copernicium


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Related to copernicium: flerovium, livermorium, Ununtrium

copernicium,

artificially produced radioactive chemical element; symbol Cn; at. no. 112; mass number of most stable isotope 285; m.p., b.p., sp. gr., and valence unknown. Situated in Group 12 of the periodic tableperiodic table,
chart of the elements arranged according to the periodic law discovered by Dmitri I. Mendeleev and revised by Henry G. J. Moseley. In the periodic table the elements are arranged in columns and rows according to increasing atomic number (see the table entitled
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, it is expected to have properties similar to those of zinczinc,
metallic chemical element; symbol Zn; at. no. 30; at. wt. 65.38; m.p. 419.58°C;; b.p. 907°C;; sp. gr. 7.133 at 25°C;; valence +2. Zinc is a lustrous bluish-white metal. It is found in Group 12 of the periodic table.
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, cadmiumcadmium
[from cadmia, Lat. for calamine, with which cadmium is found associated], metallic chemical element; symbol Cd; at. no. 48; at. wt. 112.411; m.p. 321°C;; b.p. 765°C;; sp. gr. 8.65 at 20°C;; valence +2.
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, and mercurymercury
or quicksilver
[from the Roman god Mercury], metallic chemical element; symbol Hg [Lat. hydrargyrum=liquid silver]; at. no. 80; at. wt. 200.59; m.p. −38.842°C;; b.p. 356.58°C;; sp. gr. 13.55 at 20°C;; valence +1 or +2.
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.

In 1996 an international research team led by Peter Armbruster and Sigurd Hofmann at the Institute for Heavy Ion Research at Darmstadt, Germany bombarded lead-208 atoms with high-energy zinc-70 ions. In a two-week experiment, one of the resultant atoms was unambiguously identified as an isotope of element 112 with mass number 277 and a half-lifehalf-life,
measure of the average lifetime of a radioactive substance (see radioactivity) or an unstable subatomic particle. One half-life is the time required for one half of any given quantity of the substance to decay.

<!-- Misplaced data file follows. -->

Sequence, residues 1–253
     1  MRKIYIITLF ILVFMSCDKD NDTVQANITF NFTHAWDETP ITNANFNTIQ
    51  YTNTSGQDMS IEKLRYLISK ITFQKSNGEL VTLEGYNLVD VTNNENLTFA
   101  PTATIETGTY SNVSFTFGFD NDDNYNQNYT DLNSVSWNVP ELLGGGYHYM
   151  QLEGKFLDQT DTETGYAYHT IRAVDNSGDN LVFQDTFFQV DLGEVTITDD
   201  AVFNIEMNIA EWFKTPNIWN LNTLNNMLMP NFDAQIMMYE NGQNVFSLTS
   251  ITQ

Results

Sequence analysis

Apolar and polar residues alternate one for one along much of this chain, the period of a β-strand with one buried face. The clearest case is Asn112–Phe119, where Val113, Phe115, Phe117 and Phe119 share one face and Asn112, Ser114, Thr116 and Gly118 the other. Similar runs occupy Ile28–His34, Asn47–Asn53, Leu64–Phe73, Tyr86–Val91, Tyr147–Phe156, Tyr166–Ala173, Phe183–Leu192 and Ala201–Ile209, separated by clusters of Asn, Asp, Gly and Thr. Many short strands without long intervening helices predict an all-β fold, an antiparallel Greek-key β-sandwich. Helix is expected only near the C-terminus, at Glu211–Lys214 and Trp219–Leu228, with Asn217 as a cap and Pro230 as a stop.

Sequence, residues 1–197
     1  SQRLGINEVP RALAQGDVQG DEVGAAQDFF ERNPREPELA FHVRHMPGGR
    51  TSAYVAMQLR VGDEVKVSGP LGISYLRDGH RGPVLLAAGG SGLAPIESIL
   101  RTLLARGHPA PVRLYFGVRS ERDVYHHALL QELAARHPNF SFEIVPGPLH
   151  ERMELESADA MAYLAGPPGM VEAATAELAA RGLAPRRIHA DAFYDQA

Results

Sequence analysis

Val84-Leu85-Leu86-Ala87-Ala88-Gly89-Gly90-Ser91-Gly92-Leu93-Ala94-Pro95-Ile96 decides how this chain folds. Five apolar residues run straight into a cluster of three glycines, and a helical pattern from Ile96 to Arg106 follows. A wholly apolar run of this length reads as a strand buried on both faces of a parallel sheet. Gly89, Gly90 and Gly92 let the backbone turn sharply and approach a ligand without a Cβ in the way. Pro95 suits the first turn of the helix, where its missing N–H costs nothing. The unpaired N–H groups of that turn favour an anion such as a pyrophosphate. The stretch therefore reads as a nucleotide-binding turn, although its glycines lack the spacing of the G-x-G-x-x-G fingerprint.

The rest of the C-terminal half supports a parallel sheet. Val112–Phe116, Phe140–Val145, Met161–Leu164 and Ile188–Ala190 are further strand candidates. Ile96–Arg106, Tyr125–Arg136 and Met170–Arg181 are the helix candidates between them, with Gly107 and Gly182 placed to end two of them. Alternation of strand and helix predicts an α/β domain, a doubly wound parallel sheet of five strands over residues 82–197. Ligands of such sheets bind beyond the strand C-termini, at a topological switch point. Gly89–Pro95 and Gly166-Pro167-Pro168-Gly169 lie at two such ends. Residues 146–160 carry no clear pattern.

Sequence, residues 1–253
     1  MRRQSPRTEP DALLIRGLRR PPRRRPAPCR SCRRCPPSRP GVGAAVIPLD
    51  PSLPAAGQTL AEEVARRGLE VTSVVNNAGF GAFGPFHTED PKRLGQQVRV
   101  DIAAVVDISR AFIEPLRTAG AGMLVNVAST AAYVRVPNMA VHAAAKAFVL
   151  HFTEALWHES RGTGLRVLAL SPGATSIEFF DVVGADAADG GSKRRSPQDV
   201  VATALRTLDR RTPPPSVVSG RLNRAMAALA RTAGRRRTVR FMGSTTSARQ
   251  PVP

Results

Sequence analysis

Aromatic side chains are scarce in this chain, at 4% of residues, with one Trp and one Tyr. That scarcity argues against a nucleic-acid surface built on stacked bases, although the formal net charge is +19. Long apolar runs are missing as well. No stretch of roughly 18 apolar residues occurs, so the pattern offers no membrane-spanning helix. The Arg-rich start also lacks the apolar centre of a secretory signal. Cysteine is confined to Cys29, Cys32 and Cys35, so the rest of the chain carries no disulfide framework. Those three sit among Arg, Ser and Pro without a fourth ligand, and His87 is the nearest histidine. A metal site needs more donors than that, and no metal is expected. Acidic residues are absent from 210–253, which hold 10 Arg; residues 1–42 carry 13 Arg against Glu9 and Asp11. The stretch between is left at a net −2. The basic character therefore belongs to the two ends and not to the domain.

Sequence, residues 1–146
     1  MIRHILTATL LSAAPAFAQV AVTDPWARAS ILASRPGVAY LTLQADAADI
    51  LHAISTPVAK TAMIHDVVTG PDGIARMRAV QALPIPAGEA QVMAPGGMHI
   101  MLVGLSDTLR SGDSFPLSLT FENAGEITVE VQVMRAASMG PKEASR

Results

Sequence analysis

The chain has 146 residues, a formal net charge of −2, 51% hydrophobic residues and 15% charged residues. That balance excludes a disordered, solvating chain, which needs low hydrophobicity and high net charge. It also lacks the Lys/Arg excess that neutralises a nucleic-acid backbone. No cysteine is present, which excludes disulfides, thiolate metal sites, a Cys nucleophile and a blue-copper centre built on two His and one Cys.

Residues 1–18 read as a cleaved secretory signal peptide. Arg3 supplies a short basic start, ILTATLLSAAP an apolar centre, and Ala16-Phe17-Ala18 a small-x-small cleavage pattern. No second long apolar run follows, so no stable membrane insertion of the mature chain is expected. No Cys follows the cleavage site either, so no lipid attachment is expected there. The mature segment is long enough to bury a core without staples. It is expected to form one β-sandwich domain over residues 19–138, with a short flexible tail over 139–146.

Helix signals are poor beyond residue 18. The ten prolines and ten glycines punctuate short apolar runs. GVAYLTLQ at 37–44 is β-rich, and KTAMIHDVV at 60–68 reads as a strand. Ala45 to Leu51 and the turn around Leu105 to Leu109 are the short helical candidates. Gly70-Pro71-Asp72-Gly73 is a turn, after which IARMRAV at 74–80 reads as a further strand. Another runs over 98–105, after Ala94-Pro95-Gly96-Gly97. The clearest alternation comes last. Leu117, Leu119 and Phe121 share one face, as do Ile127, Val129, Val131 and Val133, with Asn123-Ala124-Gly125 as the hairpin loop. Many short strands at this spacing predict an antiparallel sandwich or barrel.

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 of 280 msec. Copernicium was initially called ununbium, from the Latin roots un for one and bi for two, under a convention for neutral temporary names proposed by the International Union of Pure and Applied Chemistry (IUPAC) in 1980. In 2009 the name copernicium, for CopernicusCopernicus, Nicholas
, Pol. Mikotaj Kopérnik, 1473–1543, Polish astronomer. After studying astronomy at the Univ. of Kraków, he spent a number of years in Italy studying various subjects, including medicine and canon law. He lectured c.
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, was proposed for the element by its discoverers, and IUPAC approved the name in 2010. The most stable isotope, copernicium-285, has a half-life of approximately 29 sec.

See also synthetic elementssynthetic elements,
in chemistry, radioactive elements that were not discovered occurring in nature but as artificially produced isotopes. They are technetium (at. no. 43), which was the first element to be synthesized, promethium (at. no. 61), astatine (at. no.
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; transactinide elementstransactinide elements
, in chemistry, elements with atomic numbers greater than that of lawrencium (at. no. 103), the last member of the actinide series. See transuranium elements.
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; transuranium elementstransuranium elements,
in chemistry, radioactive elements with atomic numbers greater than that of uranium (at. no. 92). All the transuranium elements of the actinide series were discovered as synthetic radioactive isotopes at the Univ.
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.

References in periodicals archive ?
In February, the IUPAC finally granted the name copernicium to element 112, which was first reported by Hofmann's group in 1996 (SN: 3/27/10, p.
Copernicium is 277 times heavier than hydrogen, making it the heaviest element officially recognized by IUPAC.
Element 112, a "superheavy" element with an atomic mass of 278, is officially named copernicium, the International Union of Pure and Applied Chemistry announced February 19.
Scientists hope that copernicium (pronounced koh-pur-NEE-see-um) is a stepping stone toward the predicted "island of stability," a region of the periodic table where researchers expect to find superheavy elements that last longer than a few seconds and might be exploited for purposes still unknown.
A team led by Sigurd Hofmann of the Center for Heavy Ion Research in Darmstadt, Germany, created copernicium, symbol Cn, in 1996 by bombarding a lead target with zinc.
Sitting below zinc, cadmium and mercury in the periodic table, copernicium may behave similarly to these metals.